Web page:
A limousine (or limo) is a luxury vehicle sedan or saloon car, especially one with a lengthened wheelbase or driven by a chauffeur. The chassis of a limousine may have been extended by the manufacturer or by an independent coach builder. These are referred to as "stretch" limousines and are traditionally black or white in color. Limousines are often driven by chauffeurs and until the mid-1990s were most often associated with the very rich. They are also used for special occasions such as weddings, parties and sight-seeing tours.
While some limousines are owned by individuals, many are owned by governments to transport senior politicians, by large companies to transport executives, or by broadcasters to transport guests. Most stretch limousines, however, operate as livery vehicles, providing upmarket competition to taxicabs. Most builders of stretch limousines are located in the United States and Europe and cater mainly to limousine companies. Few stretch limousines are sold new to private individuals. In addition to luxuries, security features such as armoring and bulletproof glass are available.
The first automobile limousine, built in 1902, was designed so the driver sat outside under a covered compartment. The word limousine is derived from the name of the French region Limousin, because this covered compartment physically resembled the cloak hood worn by the shepherds there. An alternate etymology has the chauffeur wearing a Limousin-style cloak in the open driver's compartment, for protection from the weather.
The first “stretch limousine” was created in Fort Smith, Arkansas around 1928 by a coach company named Armbruster. These cars were primarily used to transport famous “big band” leaders, such as Glenn Miller and Benny Goodman, and their bands and equipment. These early stretch limousines were often called “big band buses”.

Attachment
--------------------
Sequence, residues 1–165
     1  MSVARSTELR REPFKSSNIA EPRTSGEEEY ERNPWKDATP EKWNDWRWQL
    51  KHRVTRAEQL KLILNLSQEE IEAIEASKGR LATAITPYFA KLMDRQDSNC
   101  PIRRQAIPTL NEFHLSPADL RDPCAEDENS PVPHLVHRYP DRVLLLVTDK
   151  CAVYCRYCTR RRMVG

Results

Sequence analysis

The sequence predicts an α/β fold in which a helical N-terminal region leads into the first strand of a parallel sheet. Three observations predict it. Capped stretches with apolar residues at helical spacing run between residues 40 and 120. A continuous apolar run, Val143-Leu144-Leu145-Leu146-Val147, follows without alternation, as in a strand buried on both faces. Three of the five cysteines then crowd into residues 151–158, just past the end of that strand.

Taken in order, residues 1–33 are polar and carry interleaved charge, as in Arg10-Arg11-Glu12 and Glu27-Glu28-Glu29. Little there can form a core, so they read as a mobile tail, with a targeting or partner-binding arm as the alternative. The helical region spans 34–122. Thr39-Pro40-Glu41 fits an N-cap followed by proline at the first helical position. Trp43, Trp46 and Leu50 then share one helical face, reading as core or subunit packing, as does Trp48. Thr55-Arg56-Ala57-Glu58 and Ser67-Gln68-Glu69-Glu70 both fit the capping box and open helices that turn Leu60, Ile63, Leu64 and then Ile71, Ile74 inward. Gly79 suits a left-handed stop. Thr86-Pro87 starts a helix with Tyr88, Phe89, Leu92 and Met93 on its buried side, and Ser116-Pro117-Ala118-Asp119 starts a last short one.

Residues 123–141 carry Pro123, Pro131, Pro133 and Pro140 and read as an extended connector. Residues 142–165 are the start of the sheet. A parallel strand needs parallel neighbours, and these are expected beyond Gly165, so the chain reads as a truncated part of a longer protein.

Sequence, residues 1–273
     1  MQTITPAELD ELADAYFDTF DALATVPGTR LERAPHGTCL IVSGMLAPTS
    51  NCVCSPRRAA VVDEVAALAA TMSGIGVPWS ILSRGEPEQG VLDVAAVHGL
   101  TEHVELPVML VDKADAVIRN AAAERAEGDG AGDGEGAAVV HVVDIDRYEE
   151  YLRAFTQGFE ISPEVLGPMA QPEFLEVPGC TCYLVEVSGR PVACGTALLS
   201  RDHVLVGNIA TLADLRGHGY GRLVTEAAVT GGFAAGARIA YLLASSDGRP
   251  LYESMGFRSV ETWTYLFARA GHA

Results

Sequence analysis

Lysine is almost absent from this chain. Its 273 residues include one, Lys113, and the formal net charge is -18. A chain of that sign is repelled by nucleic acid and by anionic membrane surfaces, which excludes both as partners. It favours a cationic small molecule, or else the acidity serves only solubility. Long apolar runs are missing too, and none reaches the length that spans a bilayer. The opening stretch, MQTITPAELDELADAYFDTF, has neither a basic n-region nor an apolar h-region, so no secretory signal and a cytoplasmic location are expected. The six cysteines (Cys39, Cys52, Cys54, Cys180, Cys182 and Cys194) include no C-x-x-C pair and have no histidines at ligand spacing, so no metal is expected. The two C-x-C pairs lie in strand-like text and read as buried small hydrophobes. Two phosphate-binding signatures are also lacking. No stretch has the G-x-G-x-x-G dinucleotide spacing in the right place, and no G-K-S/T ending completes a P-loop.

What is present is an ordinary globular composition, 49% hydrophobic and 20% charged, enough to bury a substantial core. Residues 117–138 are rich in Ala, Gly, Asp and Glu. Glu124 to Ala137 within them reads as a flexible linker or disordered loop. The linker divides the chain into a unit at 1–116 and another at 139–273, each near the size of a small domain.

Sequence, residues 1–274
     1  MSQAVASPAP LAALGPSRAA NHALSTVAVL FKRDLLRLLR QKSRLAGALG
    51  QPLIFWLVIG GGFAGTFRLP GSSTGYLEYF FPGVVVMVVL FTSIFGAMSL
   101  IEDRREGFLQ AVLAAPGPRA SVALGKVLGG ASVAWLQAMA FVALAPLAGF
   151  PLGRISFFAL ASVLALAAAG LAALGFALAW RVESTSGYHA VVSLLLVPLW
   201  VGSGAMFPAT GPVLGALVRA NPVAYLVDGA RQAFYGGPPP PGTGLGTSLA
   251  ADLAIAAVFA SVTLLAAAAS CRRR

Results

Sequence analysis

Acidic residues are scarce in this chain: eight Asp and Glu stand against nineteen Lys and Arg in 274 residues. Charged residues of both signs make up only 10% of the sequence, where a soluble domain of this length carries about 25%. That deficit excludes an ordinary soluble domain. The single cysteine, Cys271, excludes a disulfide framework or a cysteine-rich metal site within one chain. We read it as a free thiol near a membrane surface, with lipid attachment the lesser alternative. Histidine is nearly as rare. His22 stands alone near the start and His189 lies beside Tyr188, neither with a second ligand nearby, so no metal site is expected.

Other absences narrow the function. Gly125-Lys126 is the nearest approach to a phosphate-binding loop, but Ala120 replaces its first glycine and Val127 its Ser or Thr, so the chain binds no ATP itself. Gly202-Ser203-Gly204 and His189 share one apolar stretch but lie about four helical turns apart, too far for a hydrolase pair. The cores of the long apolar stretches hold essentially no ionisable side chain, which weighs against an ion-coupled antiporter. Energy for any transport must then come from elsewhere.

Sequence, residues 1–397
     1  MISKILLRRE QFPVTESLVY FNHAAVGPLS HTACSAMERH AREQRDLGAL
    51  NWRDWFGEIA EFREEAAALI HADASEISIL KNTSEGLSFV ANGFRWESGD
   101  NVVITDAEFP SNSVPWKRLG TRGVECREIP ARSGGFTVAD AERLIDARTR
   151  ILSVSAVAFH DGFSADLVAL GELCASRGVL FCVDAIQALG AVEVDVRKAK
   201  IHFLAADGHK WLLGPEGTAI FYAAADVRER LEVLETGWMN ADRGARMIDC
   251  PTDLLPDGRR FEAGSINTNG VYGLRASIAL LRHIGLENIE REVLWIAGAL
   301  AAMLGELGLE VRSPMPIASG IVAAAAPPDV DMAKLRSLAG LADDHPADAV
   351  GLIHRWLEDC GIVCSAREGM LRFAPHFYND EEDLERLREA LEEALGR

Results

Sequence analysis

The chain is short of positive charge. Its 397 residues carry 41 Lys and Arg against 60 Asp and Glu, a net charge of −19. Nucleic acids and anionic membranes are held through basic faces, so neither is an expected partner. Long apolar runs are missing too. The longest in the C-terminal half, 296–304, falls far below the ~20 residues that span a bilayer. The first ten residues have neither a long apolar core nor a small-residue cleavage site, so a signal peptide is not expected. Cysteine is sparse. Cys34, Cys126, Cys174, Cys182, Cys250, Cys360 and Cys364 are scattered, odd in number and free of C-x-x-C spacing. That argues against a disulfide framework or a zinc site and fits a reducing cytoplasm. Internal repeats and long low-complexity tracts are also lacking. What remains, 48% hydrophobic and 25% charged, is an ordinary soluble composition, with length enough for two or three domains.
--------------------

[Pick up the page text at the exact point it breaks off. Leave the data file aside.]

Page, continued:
By Jon LeSage
As I was attending the International LCT Show last month, I asked several operators about their fleet status. At one point, it dawned on me that several companies with the word “limousine” in the corporate names have very few stretch limousines left in their fleets. They have a lot of sedans, SUVs, vans, and buses, but not too many stretches – which is opposite the way things used to be in the industry. Stretch limos were the essence of the fleet until Town Car sedans increased substantially in the 1990s and other fleet trends built up speed.
So where does the word “limousine” come from, and what does it mean to this industry? The National Limousine Association uses this word only in its name to describe the business, and many of its members focus much less on stretch limousines in their fleets. But the word still means something important for this industry.
According to the Random House College Dictionary (and Wikipedia), “the word limousine is derived from the name of the French region Limousin and is associated with the long cloaks once worn by the shepherds there.” The idea of limousines being elegant and high class goes back to the word’s origin.
1 : a large luxurious often chauffeur-driven sedan that usually has a glass partition separating the driver's seat from the passenger compartment
2 : a large vehicle for transporting passengers to and from an airport
The first definition does focus on stretch sedans, which is made clear by the glass partition reference. The second definition focuses on airport runs, which has become about half the transaction volume in this industry and has very little to do with stretch limos these days.
A lot of companies in this industry have dropped the word limousine from their corporate names. These days, it’s common to see the words “chauffeur,” “worldwide,” and “transportation” in company names. In the 1990s, the magazine changed its name from Limousine & Chauffeur to Limousine & Chauffeured Transportation to better symbolize the evolving industry. Many companies still use the word limousine in their names and logos, and it probably won’t be going away. And the NLA hasn’t announced plans to change its identity. Hearing the word limousine draws up images of a luxurious, comfortable trip where you don’t have to worry about driving, directions, or traffic – you get to sit back and enjoy the ride.